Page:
The Cuddy – Before and After

I put this together to show another group – I know it’s crude, but I’m not a Powerpoint sort of girl (heck – I did my chemistry calculations on a slide rule!). It was amazing to see the difference between “before” and “after”! Yes, some of the pictures are from the Great Flood of 2013, when we received 3.3″ of rain in a 2-day event; ironically, we received a similar amount this past June, and the newly-renovated Cuddy handled it like a champ!  How soon we forget what a raging, moody thing the Cuddy used to be….. or the scary amount of erosion that happened.

At 1st St, where there were elevation changes, rock “riffles” stopped the cutting-away of the stream floor; and rip-rap stabilized the banks.  The “perched” area where the banks eroded downstream of the 1st St bridge, used to extend all the way to the right side of the last photograph.

Now the Cuddy is just a happy, burbling stream with a nice gravel bottom – until it hits the deep Sedimentation Basin, where it slows down and lets any suspended sand, etc fall out.  The little dam at the end keeps the sediment in place; and the Cuddy turns back into its happy little self again downstream.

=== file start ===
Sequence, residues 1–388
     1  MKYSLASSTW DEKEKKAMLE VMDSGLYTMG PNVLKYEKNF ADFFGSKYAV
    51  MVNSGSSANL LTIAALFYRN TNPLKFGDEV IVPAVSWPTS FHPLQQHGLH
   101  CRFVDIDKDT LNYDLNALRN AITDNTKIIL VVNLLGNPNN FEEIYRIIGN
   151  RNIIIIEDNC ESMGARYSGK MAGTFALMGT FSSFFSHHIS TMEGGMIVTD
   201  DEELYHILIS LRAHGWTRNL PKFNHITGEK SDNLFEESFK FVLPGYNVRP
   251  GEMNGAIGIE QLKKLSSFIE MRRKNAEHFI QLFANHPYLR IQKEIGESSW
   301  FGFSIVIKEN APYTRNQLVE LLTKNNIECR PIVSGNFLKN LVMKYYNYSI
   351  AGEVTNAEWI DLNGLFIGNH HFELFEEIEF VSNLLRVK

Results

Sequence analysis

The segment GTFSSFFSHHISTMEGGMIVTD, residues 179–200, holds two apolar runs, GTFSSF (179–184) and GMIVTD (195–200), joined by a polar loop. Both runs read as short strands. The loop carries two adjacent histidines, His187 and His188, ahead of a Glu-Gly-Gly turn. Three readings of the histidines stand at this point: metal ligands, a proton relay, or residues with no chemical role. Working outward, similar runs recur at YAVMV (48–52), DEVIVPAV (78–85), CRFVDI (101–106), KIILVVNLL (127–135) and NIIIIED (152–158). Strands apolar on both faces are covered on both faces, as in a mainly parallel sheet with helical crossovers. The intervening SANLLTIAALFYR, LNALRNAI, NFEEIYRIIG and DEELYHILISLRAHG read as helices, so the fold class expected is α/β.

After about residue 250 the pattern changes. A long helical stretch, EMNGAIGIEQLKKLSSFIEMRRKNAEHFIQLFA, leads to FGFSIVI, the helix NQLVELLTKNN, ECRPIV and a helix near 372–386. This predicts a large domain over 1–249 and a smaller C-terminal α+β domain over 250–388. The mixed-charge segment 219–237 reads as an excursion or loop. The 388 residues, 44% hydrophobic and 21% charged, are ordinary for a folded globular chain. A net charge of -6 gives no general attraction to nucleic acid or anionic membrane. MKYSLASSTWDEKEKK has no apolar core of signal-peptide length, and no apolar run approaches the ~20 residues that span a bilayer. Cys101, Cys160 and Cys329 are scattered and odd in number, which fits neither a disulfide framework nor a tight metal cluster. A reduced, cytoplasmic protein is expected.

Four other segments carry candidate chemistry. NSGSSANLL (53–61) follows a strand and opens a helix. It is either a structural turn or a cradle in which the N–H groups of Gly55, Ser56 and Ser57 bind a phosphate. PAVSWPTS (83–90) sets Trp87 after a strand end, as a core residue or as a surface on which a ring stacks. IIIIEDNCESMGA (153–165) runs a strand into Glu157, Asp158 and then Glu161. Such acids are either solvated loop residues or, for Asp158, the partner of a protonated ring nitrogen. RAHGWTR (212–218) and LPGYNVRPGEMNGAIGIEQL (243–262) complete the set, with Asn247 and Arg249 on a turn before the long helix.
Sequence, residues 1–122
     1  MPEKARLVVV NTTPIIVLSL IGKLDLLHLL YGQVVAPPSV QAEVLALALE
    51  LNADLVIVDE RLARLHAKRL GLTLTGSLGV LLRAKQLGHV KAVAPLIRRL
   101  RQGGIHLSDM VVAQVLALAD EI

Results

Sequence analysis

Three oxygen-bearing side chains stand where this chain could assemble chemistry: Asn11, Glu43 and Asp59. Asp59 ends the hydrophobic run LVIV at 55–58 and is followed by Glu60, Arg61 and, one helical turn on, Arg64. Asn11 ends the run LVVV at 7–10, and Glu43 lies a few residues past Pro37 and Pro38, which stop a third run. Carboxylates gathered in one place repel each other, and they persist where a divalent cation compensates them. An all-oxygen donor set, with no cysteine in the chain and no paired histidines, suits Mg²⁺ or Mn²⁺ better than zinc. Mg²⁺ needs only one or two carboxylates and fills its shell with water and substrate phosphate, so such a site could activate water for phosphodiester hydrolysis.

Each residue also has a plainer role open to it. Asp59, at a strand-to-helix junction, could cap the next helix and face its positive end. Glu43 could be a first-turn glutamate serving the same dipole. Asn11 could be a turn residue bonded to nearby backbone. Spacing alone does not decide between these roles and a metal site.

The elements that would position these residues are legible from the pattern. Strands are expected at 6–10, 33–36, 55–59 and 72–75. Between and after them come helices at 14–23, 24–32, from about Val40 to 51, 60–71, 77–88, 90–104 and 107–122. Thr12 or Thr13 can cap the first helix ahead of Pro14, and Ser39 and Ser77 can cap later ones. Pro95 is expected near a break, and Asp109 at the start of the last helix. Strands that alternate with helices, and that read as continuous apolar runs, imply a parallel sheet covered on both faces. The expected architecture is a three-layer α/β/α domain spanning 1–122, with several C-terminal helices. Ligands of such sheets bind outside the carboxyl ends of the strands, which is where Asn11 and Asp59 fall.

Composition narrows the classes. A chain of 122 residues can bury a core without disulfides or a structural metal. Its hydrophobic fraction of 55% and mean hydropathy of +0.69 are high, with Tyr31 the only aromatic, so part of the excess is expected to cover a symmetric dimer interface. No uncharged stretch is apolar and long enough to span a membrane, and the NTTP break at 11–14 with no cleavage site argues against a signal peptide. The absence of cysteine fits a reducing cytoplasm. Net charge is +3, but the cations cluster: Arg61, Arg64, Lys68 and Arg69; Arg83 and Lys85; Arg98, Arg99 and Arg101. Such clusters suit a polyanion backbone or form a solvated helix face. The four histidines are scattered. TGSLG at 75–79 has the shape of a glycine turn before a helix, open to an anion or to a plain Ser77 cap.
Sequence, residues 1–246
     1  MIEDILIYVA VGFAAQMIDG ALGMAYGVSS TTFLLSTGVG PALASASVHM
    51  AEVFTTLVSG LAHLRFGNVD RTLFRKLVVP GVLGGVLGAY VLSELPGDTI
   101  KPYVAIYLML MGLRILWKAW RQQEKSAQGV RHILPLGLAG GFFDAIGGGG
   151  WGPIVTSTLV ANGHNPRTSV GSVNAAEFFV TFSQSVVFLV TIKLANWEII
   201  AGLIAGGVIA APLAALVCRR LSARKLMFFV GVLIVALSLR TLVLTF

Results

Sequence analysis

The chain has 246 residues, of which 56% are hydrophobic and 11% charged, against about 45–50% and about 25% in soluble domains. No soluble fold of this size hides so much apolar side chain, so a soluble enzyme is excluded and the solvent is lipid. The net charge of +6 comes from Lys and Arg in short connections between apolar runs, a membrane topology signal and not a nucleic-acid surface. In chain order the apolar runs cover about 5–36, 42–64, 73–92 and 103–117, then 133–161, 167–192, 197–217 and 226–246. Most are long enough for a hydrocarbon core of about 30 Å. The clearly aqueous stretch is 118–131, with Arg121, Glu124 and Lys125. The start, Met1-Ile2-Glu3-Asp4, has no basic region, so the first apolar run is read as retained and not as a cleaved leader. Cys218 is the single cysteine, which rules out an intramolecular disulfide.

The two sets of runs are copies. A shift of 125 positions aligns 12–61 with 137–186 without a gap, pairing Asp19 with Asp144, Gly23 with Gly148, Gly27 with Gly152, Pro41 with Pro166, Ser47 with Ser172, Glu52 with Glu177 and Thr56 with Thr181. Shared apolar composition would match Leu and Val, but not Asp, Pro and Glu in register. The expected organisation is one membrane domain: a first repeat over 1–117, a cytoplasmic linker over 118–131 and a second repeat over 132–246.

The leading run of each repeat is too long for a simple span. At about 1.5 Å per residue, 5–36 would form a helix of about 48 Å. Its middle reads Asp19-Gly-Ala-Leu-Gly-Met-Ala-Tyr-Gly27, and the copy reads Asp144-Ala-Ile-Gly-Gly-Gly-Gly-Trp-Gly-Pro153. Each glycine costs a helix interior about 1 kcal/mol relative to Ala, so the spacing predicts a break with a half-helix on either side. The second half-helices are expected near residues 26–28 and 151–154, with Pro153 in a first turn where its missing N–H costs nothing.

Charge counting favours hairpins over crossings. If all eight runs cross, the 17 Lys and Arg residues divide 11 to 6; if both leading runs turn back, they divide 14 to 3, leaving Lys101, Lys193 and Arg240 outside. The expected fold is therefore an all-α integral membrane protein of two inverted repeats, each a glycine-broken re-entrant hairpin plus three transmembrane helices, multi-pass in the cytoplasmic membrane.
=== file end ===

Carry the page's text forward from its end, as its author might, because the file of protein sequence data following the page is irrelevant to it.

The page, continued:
The amount of debris that washed down was staggering – the old barrier stopped a lot; but was hard to clean.  The new debris barrier is simple and easy; and accessible from its very own (private) road.

 

Timber Creek’s 2 drain crossings were a nightmare of perching, erosion, and worn-out culverts.  The whole area was so overgrown that you couldn’t even see the water – I had to find the culverts by listening for them.  Now the protective shade that e-coli loves, is missing in many places; and the overhanging trees and shrubs, while pretty, added a lot of unwanted nutrients to the water

And one last look at the headaches the Cuddy brought on a too-regular basis:

This has been an amazing journey, and none of it would have happened without the Cuddy Residents stepping up and saying “We’ve had enough”.  And our government officials, both elected and appointed, listened. Add an engineer (Dan Fredricks) who took the Friends of the Cuddy Drain’s goals and made it work.  And finally, under a truly massive Special Assessment…. (yeah, that was a bit painful) – it all came together.  A giant group hug!! to all of you!!

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